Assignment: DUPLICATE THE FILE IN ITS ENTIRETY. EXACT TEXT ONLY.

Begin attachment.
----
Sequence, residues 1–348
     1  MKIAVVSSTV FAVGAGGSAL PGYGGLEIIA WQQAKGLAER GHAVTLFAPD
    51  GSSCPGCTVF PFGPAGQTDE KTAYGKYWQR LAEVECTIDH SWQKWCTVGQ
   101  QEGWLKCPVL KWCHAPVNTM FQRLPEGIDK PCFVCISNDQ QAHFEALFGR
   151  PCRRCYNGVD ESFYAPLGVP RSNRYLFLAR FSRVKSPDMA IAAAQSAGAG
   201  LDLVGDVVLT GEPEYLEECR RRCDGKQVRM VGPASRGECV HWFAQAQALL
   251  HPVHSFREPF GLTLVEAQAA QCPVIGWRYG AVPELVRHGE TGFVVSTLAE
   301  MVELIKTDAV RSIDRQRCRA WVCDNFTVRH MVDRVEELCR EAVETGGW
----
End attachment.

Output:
Sequence, residues 1–348
     1  MKIAVVSSTV FAVGAGGSAL PGYGGLEIIA WQQAKGLAER GHAVTLFAPD
    51  GSSCPGCTVF PFGPAGQTDE KTAYGKYWQR LAEVECTIDH SWQKWCTVGQ
   101  QEGWLKCPVL KWCHAPVNTM FQRLPEGIDK PCFVCISNDQ QAHFEALFGR
   151  PCRRCYNGVD ESFYAPLGVP RSNRYLFLAR FSRVKSPDMA IAAAQSAGAG
   201  LDLVGDVVLT GEPEYLEECR RRCDGKQVRM VGPASRGECV HWFAQAQALL
   251  HPVHSFREPF GLTLVEAQAA QCPVIGWRYG AVPELVRHGE TGFVVSTLAE
   301  MVELIKTDAV RSIDRQRCRA WVCDNFTVRH MVDRVEELCR EAVETGGW